Birthday In Brazil

Huge rocks in the Jungle with faces

Dear Squeak

I want to tell you about my Birthday because it just so happens, it was the best day of the trip so far.  We decided to hire a car for a few days and head into the countryside for a bit of exploring. We had decided to visit Boca da Pedra (Mouth of Rock) a small area of national Park where the giant rocks all have faces. And one of them has a very large gob. It’s about 300km from the Paraiba River where the boat was anchored and we wanted to have maximum time to look around and take lots of lovely photos so we had to make an early start.

A mouth carved into the rock by wind and water.

On the day in question we set off at sparrow fart and took the highway north out of town.  At first we were surrounded by mile after mile of sugar cane fields. All the ones we could see burning as we approached the coast when we first arrived in Brazil.  Then we entered the grass plains full of cows and lots of horses to round them all up with.   It’s Cowboy country here for sure.  a

We thought Brazil had reputation for good meat and plenty of it. Second, perhaps, only to Argentina.  Not so, almost every piece of beef we ate while we were there was tough as old boots.  From what we could see the cows in that area were not being bread for their meat, but rather for their leather.  We passed more tanneries within a few miles of each other than I have ever seen in my life.. 

As we progressed towards our intended destination the roads got smaller and smaller and lumpier and lumpier. Finally it was just a severely rutted dirt track that was barely passable in places. Thank god the rainy season was only just beginning or it would have been a total mud bath. 

We thought we were lost a bunch of times because when researching the place on the internet it said that 2000 people a week visit there in summer.  To see the place now, I think, that hasn’t happened, for a very long time.  So much the better for us!  We had the whole place entirely to ourselves!!  And the silence aside from the wind and the birds and the insects was absolutely mesmerizing. 

Lump of Rock with face carved out that looks like a skull

All the rocks did indeed have faces etched into them.  Not man made though. Created by wind, water and erosion over millions of years I suppose.  Not just one face either, but as you walked around them, and viewed them from different angles, more and more faces seemed to appear.   The place had a real atmosphere: mystical and timeless.  You just had to take time to soak it all in.  It seemed like the rocks would have liked to whisper their stories to you.  To pass on the deep wisdom of all the spirits fossilised inside them, represented by all those faces.  Sounds a bit far-fetched I know.  Im not really sure I go with that kind of mumbo jumbo,  but it did feel like they had a story to tell.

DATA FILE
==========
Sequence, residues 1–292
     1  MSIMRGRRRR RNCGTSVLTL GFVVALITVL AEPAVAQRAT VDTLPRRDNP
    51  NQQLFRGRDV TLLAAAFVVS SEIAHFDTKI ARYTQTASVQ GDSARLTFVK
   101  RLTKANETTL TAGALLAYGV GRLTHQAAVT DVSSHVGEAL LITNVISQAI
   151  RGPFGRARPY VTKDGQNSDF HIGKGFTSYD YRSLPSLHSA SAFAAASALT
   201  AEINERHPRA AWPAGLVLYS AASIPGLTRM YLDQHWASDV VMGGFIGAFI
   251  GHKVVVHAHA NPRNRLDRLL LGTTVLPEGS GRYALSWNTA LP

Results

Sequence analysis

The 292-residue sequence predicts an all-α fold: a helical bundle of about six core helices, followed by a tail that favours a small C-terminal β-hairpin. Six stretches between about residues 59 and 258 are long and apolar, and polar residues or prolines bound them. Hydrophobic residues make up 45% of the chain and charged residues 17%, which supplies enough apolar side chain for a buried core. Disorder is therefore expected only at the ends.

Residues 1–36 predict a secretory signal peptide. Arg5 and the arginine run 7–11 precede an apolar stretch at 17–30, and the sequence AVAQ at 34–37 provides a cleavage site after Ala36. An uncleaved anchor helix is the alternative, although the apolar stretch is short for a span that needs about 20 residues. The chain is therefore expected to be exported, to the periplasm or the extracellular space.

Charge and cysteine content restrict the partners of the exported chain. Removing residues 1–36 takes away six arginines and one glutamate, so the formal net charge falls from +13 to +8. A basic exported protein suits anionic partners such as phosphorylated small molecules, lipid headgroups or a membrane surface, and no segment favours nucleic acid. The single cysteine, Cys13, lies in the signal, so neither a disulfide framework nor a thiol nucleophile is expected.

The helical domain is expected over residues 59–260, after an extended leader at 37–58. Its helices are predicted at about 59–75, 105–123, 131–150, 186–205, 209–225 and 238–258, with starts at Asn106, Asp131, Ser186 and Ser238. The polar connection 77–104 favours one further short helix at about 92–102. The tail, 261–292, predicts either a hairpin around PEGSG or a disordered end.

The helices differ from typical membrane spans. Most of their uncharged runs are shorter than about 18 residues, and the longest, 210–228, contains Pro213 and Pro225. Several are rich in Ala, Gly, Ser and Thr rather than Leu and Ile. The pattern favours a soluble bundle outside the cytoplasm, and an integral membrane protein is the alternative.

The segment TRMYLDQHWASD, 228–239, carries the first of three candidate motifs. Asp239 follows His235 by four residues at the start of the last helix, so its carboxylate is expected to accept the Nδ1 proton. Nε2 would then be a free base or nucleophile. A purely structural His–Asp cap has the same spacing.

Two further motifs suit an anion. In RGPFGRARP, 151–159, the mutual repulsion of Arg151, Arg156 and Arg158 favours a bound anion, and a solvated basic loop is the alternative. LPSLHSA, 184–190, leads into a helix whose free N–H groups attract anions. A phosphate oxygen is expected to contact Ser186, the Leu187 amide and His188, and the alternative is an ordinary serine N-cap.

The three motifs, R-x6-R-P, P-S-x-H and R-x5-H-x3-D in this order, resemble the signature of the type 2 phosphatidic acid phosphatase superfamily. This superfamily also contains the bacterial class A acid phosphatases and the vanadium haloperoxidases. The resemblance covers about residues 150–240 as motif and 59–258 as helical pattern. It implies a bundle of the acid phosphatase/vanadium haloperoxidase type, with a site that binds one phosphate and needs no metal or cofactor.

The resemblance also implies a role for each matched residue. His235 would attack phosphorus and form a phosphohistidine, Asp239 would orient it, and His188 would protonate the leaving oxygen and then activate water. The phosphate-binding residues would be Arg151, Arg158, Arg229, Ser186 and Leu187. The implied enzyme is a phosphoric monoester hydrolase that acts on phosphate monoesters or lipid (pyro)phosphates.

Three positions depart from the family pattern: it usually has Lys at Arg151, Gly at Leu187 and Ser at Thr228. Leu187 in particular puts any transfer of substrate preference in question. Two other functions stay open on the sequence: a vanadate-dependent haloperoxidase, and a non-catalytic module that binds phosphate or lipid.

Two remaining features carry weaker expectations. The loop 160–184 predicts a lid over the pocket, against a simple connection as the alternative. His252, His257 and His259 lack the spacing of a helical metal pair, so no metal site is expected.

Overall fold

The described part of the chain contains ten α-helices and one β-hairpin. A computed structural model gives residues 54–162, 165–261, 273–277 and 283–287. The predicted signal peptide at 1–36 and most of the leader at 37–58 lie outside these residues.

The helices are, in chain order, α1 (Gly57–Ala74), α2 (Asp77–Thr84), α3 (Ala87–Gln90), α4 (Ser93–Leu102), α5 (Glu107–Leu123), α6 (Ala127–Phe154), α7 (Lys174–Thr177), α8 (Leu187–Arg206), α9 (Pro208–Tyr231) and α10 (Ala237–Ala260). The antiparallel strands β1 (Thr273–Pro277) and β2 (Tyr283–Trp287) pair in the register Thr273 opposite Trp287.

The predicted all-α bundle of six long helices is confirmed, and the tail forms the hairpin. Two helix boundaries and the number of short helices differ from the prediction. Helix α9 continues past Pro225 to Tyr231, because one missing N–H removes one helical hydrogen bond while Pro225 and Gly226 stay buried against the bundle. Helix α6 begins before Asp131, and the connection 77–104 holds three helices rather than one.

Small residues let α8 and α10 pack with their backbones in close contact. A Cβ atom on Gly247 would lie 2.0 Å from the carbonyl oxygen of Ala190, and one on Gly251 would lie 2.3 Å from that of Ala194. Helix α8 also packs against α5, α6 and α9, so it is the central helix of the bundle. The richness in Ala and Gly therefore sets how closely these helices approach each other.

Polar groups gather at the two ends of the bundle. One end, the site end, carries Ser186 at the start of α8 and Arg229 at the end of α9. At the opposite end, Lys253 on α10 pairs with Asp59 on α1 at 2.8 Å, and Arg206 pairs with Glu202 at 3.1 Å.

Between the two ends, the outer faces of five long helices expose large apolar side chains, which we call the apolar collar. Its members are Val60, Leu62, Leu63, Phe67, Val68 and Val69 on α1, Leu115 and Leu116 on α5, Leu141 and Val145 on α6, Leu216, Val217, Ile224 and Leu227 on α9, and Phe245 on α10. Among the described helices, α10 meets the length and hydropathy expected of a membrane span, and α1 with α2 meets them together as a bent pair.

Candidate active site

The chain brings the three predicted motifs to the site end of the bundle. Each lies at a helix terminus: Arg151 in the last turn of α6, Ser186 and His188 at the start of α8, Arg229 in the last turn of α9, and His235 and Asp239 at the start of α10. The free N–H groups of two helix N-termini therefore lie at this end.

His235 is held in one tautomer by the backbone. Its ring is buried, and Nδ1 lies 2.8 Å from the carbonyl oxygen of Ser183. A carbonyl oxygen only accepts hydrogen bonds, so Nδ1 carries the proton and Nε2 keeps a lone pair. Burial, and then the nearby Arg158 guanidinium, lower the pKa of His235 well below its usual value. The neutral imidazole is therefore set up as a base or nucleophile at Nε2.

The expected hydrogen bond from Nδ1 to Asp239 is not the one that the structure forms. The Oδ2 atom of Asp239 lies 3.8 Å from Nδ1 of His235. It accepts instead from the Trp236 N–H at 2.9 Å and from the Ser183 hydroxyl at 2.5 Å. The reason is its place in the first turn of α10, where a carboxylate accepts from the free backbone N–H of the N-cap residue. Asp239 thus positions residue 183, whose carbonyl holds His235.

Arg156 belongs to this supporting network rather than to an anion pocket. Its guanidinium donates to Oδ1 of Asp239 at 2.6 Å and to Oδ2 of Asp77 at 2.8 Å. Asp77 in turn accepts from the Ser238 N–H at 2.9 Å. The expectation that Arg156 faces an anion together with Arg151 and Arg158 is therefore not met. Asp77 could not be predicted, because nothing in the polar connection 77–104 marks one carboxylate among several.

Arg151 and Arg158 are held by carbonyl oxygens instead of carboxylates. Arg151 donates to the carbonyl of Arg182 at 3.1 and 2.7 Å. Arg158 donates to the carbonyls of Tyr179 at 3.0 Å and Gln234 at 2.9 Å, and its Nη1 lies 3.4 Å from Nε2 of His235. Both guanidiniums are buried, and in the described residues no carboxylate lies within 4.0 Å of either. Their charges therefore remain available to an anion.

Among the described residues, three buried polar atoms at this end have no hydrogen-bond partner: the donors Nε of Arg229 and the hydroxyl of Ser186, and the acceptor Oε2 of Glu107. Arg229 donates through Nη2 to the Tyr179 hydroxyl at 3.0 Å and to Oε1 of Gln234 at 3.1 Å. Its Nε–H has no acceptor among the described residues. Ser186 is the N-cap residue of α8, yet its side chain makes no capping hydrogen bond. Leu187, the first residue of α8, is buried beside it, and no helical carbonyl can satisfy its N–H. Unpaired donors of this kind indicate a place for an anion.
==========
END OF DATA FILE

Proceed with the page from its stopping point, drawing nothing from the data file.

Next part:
The more you study these rocks the more faces you see

At one end of the park under a huge overhanging rock a shrine to Our Lady Fatima has been built and people go there on pilgrimages on her saints’ day.  To accommodate all her followers a huge ugly auditorium has been built where they hold mass in her honour.  That concrete monstrosity was so out of place in the midst of such wild beauty.  

 

We had a fantastic day soaking it all in, taking lots of photos, flying the drone, picnicing and hiking around.  We had to cut our way through the jungle, as so few people have been there for so long.  Nature is fast reclaiming the place for herself.  It seems that in that part of the world, nature has an agenda all of its own. What we experienced that day was one of her finest displays. 

We would have liked to stay longer.  Golden hour with that backdrop would have been a photographers’ wet dream, but we hadn’t planned for an overnight stop.  It was still a long way back and the boat is best not left overnight with no-one on board and no-one keeping an eye out. Even though the holding in our spot was pretty good, you never know.  

Well, all good things must come to an end sooner or later. That was a “super, smashing , great” day though; and a birthday I’ll always remember. I wonder where I’ll be when the next birthday comes around.